Dawn breaks over Jolly Beach, Antigua and Barbuda, as nations convene for the fourth International Conference on Small Island Developing States (SIDS4).

09:14 AM

We were just treated to a performance from the Antigua and Barbuda Youth Symphony Orchestra. Now it's a theatrical performance focused on the dangers of climate change for the vulnerable nations gathered in the hall. We have trees, tropical sounds and a warning that the ecosystem is way off balance..."We must give the youth of these nations a chance", Mother Nature is saying:

"What affects small island States, affects us all. Respect all of nature or everything you know will soon disappear!"

Buses ready to ferry participants to the conference venue.
UN News/Matthew Wells
Buses ready to ferry participants to the conference venue.

08:45 AM - It all gets going in a few minutes’ time with a cultural opening event. Luckily the sun is shining this morning, in comparison with yesterday’s debilitating rain storms that reminded everyone here of the unpredictability of increasingly extreme weather that will be one of the chief talking points this week.

You can find full coverage of the entire week and special features leading up to the conference, on our landing page here.

'Resilient prosperity'

More than 20 world leaders, together with representatives from the private sector, civil society, academia and youth – close to 4,000 participants in all - have gathered at the verdant conference venue in the American University of Antigua close to the capital St John’s, to tackle critical issues impacting the future of SIDS. 

Under the theme Charting the course toward resilient prosperity, the four-day Conference (27-30 May) will showcase new innovations and develop practical solutions to address critical SIDS-specific challenges driven by the climate emergency, spiralling debt and health crises.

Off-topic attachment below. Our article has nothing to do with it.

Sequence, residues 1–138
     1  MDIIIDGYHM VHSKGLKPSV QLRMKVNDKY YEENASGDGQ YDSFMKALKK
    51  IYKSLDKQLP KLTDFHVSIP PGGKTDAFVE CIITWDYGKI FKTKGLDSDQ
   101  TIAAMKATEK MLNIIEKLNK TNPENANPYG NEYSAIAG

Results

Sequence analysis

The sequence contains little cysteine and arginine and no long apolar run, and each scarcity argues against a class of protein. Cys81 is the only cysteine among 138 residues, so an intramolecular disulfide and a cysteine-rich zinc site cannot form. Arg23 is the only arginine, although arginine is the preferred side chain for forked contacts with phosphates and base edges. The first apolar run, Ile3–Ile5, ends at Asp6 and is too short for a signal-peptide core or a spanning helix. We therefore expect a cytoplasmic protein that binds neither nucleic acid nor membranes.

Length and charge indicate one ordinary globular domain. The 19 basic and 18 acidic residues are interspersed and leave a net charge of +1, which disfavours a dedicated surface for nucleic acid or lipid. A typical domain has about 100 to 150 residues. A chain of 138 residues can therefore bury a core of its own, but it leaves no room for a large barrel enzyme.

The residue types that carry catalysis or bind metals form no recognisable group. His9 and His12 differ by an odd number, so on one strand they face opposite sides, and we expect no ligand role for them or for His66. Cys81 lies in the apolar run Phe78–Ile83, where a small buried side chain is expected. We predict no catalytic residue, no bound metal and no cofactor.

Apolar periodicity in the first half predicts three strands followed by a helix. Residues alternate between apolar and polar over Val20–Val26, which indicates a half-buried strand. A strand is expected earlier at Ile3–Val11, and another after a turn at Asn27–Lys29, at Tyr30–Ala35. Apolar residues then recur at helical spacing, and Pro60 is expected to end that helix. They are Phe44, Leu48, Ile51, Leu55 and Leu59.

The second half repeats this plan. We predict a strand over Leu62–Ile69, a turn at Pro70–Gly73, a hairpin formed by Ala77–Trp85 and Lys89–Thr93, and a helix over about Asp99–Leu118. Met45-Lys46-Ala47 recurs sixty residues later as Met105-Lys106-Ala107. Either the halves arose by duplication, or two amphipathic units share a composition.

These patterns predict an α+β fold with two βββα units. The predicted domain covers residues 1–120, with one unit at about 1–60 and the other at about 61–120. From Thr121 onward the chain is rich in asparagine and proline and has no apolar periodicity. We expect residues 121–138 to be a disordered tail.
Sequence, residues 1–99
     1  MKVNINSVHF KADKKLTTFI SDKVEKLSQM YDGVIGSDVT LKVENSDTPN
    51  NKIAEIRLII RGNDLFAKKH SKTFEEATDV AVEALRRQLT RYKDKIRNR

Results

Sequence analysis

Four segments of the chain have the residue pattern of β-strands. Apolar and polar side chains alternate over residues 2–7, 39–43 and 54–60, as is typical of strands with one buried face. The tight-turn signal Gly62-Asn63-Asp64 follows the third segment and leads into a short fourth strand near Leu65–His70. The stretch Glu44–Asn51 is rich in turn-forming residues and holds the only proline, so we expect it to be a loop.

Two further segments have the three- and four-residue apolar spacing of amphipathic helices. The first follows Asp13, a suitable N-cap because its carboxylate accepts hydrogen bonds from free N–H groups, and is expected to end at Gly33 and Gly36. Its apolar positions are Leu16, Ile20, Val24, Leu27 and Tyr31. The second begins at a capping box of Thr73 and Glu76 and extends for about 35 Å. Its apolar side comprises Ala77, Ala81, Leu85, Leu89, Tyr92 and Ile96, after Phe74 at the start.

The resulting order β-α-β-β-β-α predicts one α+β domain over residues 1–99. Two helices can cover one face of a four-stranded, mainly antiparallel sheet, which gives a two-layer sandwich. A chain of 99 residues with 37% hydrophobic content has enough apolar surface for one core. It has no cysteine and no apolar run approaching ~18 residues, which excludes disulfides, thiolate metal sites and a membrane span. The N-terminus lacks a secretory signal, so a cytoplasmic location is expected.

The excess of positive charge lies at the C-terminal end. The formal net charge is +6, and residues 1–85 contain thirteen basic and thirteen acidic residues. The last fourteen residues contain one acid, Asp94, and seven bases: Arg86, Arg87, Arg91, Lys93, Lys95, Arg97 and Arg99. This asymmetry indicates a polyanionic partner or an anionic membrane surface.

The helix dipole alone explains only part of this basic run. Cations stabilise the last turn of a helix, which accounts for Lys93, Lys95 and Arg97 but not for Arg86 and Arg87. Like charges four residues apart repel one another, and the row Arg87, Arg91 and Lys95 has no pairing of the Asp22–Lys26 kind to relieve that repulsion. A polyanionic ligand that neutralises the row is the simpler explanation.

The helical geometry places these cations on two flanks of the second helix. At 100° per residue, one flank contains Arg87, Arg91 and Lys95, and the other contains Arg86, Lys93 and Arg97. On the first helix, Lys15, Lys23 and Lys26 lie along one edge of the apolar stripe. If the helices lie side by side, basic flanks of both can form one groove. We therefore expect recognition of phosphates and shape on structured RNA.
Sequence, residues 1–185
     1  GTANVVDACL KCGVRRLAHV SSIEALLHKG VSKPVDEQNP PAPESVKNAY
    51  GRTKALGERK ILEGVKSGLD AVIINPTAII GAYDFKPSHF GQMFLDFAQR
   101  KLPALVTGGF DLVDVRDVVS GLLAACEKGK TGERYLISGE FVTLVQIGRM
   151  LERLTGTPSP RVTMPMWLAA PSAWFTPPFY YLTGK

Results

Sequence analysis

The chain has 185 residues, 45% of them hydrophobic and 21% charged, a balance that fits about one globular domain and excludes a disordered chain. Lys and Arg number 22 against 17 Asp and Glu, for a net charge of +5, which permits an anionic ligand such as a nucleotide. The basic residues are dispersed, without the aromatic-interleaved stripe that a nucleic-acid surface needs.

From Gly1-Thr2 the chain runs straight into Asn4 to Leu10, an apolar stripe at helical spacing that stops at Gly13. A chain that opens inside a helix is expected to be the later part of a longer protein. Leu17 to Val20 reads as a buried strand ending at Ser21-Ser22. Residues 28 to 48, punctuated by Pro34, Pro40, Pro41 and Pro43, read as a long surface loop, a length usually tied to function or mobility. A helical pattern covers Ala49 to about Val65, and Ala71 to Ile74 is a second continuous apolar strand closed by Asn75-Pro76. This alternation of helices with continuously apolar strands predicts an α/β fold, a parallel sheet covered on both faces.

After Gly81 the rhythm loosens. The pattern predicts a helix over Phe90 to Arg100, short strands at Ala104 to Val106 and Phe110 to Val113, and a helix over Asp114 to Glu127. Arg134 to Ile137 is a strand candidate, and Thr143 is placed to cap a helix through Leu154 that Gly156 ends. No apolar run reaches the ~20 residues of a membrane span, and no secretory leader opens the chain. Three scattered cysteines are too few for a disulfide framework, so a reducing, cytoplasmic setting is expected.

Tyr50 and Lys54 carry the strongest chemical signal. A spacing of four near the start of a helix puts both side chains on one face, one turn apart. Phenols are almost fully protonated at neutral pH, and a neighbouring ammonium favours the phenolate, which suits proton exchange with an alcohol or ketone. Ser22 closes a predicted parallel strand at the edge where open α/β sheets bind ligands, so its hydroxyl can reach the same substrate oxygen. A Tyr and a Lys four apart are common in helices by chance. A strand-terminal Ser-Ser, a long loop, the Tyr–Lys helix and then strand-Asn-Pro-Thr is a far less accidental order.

For more on the conference, check out our curtain raiser story here. UN News was at one of the high level events over the weekend organized by more than 80 young changemakers from across the globe and you can check out their demand for action here.


The Conference will adopt The Antigua and Barbuda Agenda for SIDS (ABAS) – a Renewed Declaration for Resilient Prosperity, which sets out the sustainable development aspirations of small islands over the next decade and the support required from the international community to achieve them.

The SIDS across the Pacific, Caribbean and Atlantic, Indian Ocean and South China Sea are home to approximately 65 million people. They manage 19.1 per cent of the world's Exclusive Economic Zones and the resources they hold.

Accounting for 14 per cent of the world’s coastlines, SIDS boast a high degree of biodiversity. SIDS have pioneered renewable energy solutions, championed sustainable tourism while spearheading conservation efforts and making major strides in developing ocean-based economies.